Master Thesis: Designing Worth in a Connected World: A Conceptual Approach for Participatory Design with a Focus on Values

Georg Schröder recently submitted and successfully presented his Master thesis “Designing Worth in a Connected World”, which was supervised by Prof. Dr. Gerhard Hartmann and Christiane Grünloh. We asked him to provide a short summary of his thesis for our blog:

 

Designing Worth in a Connected World: A Conceptual Approach for Participatory Design with a Focus on Values

by Georg Schröder

The master thesis introduces a new conceptual model for the design of web technology based on the concepts of worth and values. Using the holistic perspective of Web Science, the model not only takes users’ needs into account but also the demands of their social and cultural environment in order to facilitate the creation of better, more successful, as well as more responsible systems.
Since web technologies change and shape the world profoundly, it is important to take the positive and negative consequences into account that new systems might have for the environments in which they are embedded. The work investigates on a conceptual level how a relevant design approach that builds on the idea of making worth and values a main concern for the development of computer technology can be put into practice.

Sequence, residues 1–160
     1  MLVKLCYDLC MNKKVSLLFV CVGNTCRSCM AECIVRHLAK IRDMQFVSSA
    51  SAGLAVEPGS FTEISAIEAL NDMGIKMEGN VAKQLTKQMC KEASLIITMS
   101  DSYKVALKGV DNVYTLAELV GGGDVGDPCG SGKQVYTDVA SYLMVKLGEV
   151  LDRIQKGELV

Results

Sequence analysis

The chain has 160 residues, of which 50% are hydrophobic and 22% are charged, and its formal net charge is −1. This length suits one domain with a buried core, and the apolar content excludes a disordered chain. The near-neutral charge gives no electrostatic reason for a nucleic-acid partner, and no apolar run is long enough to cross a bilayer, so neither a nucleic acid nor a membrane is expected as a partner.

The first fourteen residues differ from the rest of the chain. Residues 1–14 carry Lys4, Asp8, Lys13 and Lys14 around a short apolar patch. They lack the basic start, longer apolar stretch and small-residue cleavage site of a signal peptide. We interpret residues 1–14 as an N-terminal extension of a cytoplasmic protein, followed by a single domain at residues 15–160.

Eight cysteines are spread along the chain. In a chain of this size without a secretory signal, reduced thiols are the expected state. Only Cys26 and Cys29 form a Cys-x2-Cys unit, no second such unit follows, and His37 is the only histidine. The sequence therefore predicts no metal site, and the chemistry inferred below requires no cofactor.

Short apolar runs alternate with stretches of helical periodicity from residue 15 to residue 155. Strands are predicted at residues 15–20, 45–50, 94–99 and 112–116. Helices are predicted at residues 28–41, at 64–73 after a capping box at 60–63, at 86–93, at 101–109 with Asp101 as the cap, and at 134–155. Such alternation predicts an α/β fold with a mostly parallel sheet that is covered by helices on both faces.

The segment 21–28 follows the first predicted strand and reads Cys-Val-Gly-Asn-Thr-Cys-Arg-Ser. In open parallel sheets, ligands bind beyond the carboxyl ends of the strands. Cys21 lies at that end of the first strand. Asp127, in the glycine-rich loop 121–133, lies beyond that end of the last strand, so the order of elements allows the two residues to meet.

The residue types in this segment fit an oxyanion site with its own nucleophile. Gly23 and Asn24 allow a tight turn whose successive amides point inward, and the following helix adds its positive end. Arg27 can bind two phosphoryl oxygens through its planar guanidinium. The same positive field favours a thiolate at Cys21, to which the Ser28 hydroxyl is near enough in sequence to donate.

Worth, value, and values
First, the abstract concepts of worth, value and values are illuminated. Although these terms are frequently used in literature they are hardly defined and not used in a consistent way. Therefore, definitions are given followed by a conceptualization. Further, it is shown in which dimensions values generally can reside in order to provide guidance for their identification. On a high level there are economic, social, cultural, political, ecological as well as moral and ethical value dimensions that may all be potentially relevant in a design case. This diversity illustrates that an interdisciplinary approach is needed when values are concerned in design. The first part of the thesis ends with a demonstration on how values come to life in computer technology. By means of examples it is illustrated that values reside on every technical level in ICT and it is argued that technology is always value-laden no matter whether values have been an explicit concern in the development process or not.

Values- or worth-oriented design methodologies
The second part of the thesis presents the results of a literature research about existing values- or worth-oriented design methodologies.  Here, a couple of approaches were found, which differ in their perspectives and main priorities and which have different theoretical and practical substance. Overall, Value Sensitive Design (VSD) [4], Designing Worth (DW) [1,2] and Participatory Design (PD) [5] were identified as sophisticated methodologies that offer enough substance to be put into practice and to which many other approaches can be referred to. Each approach has a specific emphasis and it was found that none of them covers all aspects relevant to put a holistic worth- or values-oriented design of web technology into practice.

Comparing key principles